Dec 08, 2013 rated it liked it  ·  review of another edition
I read this book in hopes of learning more about what happens to what we throw in the trash and recycling bins. What I ended up learning was A LOT about the "junk" business, most specifically the scrap metal business. Minter focuses on metal and the supply and demand process that takes our discarded items to China, not the "do the right thing" process. (Because "doing the right thing" means to simply consume less.) He travels the U.S. and China to give very detailed insight about scrap metal, ...more
Angie Reisetter
Way more interesting than I thought it would be! This is globalization and enviromentalism at their complicated intersection. I was vaguely aware of the recycling/reuse industry, but the author put forth an exploration and explanation of in the industry that was far more enlightening than anything I've seen about the subject.

Adam Minter it incredibly well informed, and he's a great writer. He's personally experienced and witnessed the many different pieces of the trash trade, both in America and
Jason Sp
Apr 12, 2014 rated it it was amazing  ·  review of another edition
Recommends it for: Friends
Adam offers an interesting yet thoughtful insight into the junkyard business. I came across this book when I was searching topics about China culture, and this book caught my attention. Similar to Adam's grandma, my grandma used to be a scrap woman and made a living on it, until now, she still keep the same habit of collecting garbage. Some of my relatives also went into this scrap business later. Therefore, I am very familiar with millions of scrap men and their stories as well across China.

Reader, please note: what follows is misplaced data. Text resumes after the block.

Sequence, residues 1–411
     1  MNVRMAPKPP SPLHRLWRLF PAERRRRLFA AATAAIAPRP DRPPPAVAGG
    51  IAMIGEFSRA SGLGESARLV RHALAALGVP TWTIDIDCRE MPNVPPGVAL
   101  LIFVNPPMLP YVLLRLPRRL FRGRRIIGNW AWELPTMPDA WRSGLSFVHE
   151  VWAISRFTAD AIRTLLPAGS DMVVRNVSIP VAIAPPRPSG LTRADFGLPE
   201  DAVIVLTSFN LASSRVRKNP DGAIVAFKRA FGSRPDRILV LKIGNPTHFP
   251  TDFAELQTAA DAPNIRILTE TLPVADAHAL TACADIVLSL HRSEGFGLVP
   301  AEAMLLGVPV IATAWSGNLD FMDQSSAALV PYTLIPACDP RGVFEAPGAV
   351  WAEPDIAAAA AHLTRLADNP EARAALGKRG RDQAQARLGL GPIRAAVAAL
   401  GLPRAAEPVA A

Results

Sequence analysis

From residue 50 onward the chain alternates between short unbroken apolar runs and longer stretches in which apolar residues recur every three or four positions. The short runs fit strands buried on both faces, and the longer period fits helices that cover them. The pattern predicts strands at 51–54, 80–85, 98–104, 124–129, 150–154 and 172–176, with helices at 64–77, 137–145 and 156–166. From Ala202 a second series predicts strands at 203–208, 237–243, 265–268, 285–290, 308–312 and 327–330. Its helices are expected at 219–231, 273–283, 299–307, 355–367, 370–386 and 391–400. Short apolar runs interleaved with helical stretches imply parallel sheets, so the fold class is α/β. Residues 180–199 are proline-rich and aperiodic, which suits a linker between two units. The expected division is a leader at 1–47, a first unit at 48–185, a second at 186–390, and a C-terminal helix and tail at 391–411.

Jun 19, 2014 rated it really liked it  ·  review of another edition
We all know that "our shit" gets recycled. Junkyard Planet takes you behind the scenes in the recycle INDUSTRY. It is HUGE. In fact, it's mind-boggling. It goes on under-the-radar in many respects.
Adam Minter takes you matter- of- factly through his family history in the junk business, the American recycling industry all the way to China where unregulated recycling industry is like the wild wild West (or in this case, East). By the time he is through describing the industry in China you will be
Aaron Redman
Oct 10, 2015 rated it it was amazing  ·  review of another edition
Shelves: waste
For some reason in Sustainability we are always exhorting people to know where their products come from-who is your farmer, where is that widget made?-but once they drop their waste in a blue bin they can forget about it. Adam Minter rolls back the curtain on your “recycled” waste and not just to your local transfer station where most stop1) but all the way back to the villages in China where Christmas tree lights are transformed into plastic sandals. With detailed descriptions of giant machines ...more
Apr 07, 2015 rated it it was amazing
Junkyard Planet by Adam Minter is readable and informative. His book will educate you on nearly everything you ever wanted to know about the destination of your curbside recyclables and much much more. You will be astounded at how consumer waste has created an interdependence between developing nations and the richest nations. You will learn how strands of Christmas tree lights find other Christmas tree lights, are bound together, bid for, and end up on the other side of the globe where they are ...more
I won this on First Reads Giveaways - thanks Goodreads.